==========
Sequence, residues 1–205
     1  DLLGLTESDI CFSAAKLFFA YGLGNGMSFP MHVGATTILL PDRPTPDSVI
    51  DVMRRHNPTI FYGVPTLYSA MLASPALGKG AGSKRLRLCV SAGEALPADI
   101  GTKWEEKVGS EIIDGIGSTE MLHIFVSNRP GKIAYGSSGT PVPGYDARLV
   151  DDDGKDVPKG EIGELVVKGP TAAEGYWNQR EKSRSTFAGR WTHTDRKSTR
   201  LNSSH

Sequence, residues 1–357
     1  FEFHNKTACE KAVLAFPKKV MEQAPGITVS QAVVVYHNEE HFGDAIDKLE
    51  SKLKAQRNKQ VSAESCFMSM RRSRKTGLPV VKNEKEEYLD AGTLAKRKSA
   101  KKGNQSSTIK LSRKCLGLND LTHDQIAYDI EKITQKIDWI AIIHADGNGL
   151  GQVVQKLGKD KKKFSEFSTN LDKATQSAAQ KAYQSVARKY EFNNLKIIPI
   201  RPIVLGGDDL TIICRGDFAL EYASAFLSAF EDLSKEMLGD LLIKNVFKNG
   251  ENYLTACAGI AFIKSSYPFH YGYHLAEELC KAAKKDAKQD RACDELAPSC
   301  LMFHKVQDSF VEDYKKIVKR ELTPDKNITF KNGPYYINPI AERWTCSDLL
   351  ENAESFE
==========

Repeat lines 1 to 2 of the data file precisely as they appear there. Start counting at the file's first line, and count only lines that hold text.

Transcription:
Sequence, residues 1–205
     1  DLLGLTESDI CFSAAKLFFA YGLGNGMSFP MHVGATTILL PDRPTPDSVI